How to choose subcontractors
Home improvement season is in full swing and choosing your contractor is very important, but what some don't consider is it is also essential to know your subcontractors.
When starting a big home project, it's not unusual for a contractor to hire subcontractors, but when it comes down to people working on your house, Angie Hicks, the creator of the website Angie's List, told Local 2 you need to lay down the law and be part of the hiring decision.
"Ask for a list of subcontractors the contractor will potentially use and then check them out yourself. Check them out on Angie's List, check with friends and family and find out exactly who is going to be working on your house," Hicks said.
When it comes to work, everybody wants to get paid. If your contractor fails to pay those other workers, you can be held liable.
"If you're doing a big project it's important to talk to the general contractor about a lien waver. That's basically going to protect you against the contractor not paying the subcontractor, because if the contractor doesn't pay his subs, they could potentially put a lien against your property," Hicks said.
If your contractor is skeptical about signing the waiver, you can refuse to pay him until he has taken care of everyone else.
"If the contractor refuses to have a lien waver, it's a red flag and you should walk away," Hicks said.
Knowing how liens are enforced in your area is essential. Most have the same guidelines, but each state has slightly different standard concerning liens and lien releases.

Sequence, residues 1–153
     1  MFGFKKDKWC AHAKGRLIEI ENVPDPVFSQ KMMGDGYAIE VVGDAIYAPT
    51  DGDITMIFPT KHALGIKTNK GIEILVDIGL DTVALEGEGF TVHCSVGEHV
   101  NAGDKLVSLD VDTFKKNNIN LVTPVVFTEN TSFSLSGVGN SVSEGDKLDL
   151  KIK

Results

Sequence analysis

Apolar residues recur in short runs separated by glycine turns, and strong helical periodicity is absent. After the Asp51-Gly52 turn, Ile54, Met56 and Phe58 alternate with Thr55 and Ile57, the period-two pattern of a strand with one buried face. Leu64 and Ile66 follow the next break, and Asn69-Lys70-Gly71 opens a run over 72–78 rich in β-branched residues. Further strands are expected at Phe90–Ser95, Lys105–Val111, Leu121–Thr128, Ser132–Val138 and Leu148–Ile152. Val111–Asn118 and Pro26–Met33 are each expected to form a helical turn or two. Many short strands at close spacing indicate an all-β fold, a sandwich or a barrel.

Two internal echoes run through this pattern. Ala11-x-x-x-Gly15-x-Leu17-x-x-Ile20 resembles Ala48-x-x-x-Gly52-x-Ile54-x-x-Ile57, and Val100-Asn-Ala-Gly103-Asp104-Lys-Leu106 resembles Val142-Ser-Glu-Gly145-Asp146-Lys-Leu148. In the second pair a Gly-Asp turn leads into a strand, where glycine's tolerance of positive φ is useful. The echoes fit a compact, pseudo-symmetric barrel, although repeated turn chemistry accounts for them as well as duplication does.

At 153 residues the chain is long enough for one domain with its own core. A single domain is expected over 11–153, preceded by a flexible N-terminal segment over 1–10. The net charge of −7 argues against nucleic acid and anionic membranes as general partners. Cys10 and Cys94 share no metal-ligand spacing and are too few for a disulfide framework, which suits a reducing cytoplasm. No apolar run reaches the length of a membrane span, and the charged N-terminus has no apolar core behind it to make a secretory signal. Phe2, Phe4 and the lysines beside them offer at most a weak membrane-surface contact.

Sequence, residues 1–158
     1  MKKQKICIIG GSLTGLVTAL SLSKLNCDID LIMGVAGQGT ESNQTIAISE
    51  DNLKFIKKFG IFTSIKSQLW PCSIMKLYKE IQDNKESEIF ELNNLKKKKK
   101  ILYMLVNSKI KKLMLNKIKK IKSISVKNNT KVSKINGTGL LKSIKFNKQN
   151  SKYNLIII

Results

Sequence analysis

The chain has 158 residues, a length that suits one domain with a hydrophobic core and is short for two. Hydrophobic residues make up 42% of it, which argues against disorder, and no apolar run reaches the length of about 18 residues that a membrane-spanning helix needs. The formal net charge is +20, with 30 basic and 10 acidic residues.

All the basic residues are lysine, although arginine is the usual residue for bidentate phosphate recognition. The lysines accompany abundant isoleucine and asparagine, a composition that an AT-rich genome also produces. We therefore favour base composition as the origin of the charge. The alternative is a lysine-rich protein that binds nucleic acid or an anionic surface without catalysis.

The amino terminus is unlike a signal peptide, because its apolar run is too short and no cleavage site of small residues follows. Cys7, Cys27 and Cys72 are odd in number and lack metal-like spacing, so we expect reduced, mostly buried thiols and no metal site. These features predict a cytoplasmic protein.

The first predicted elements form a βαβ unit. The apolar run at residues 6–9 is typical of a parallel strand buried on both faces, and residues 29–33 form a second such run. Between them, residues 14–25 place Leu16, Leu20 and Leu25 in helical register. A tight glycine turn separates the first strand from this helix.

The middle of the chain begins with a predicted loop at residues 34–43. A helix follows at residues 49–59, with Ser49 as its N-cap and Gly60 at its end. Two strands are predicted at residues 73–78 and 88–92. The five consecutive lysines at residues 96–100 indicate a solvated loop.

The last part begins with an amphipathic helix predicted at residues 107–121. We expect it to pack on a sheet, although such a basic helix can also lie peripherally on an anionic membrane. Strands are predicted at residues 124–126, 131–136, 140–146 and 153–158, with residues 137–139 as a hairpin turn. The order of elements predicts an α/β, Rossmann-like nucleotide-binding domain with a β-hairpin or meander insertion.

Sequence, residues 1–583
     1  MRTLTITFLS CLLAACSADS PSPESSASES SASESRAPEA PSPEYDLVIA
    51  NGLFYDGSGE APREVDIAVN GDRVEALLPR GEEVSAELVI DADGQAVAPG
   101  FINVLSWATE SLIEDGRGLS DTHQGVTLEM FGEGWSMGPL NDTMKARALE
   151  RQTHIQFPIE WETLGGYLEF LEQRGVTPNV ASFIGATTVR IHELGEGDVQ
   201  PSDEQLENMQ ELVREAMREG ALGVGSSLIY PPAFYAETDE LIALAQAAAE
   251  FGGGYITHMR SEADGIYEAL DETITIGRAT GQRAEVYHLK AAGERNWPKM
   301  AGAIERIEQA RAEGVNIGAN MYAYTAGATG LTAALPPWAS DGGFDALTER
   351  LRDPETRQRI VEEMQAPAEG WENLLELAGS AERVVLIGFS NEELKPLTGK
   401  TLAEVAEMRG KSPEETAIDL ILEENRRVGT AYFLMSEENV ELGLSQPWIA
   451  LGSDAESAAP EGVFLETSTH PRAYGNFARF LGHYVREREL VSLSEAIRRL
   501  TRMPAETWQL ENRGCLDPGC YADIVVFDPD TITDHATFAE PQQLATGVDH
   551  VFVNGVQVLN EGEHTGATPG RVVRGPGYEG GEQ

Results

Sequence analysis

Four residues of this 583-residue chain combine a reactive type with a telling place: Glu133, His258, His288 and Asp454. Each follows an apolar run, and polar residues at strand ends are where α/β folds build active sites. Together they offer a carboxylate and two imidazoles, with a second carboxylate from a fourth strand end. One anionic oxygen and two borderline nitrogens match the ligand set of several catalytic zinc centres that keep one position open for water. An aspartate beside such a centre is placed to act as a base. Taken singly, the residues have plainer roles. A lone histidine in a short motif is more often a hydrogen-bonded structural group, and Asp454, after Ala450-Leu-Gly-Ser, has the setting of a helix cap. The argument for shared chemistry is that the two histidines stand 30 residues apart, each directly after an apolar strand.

When you are fully aware of everyone who is working on your home, you are set to have not only a successful home improvement but to protect yourself at the same time.
Dealing with Subcontractors Hit List:
Know your subcontractors
· Ask your general contractor for a list of subcontractors to be used on a project, and then check the subs out.
· Angie's List recommends soliciting at least three bids, properly vetting contractors and subcontractors by checking references and verifying licensure (if applicable), and negotiating a detailed contract.
· Ask the contractor how long he/she has worked with the subcontractors. What is their experience working together?
· Insist on a lien waiver, which protects the homeowner from liability if the general contractor fails to pay the subcontractors.
General Contractor (GC): Type of manager who is in charge of overseeing the entirety of a project. For a job, the G.C. will meet with the homeowner to go over the initial project details, estimate the cost of the project, draft a contract, hire workers and handle the daily operation of the job. General, contractors usually don't perform any of the labor, but instead hire skilled tradesmen as subcontractors.
Subcontractor: A worker who is hired by a general contractor to perform the obligations of another's contract. Also referred to as specialty contractors or "subs," subcontractors are typically hired to perform a specialized type of labor. They are the plumbers, roofers, carpet installers and electricians who are essential to any large remodeling project. As the name implies, subcontractors work under contract with, and get paid by general contractors.
What is a lien waver?
If a home improvement contractor fails to pay his employees or fails to pay for the building materials used in the project, a lien can be placed on your property and you, the property owner, can be held liable for the unpaid expenses if a lien waiver was not established.
· To avoid unexpected fees or liens, homeowners should consider always including a lien waiver or lien waiver clause in the project's contract. With a lien waiver, when the project is successfully completed, both parties sign off and state that the contract obligations have been met, including the general contractor making all necessary payments to materials suppliers, subcontractors or vendors.
· If the general contractor doesn't agree to sign off on the lien waiver, you can withhold payment until he or she has proved they've paid their suppliers or subcontractors.
· One of the most essential things to know about liens and lien releases is how they're enforced in your area. Although the general principle is the same for most areas, each state or municipality has different standards for the application of liens and their releases.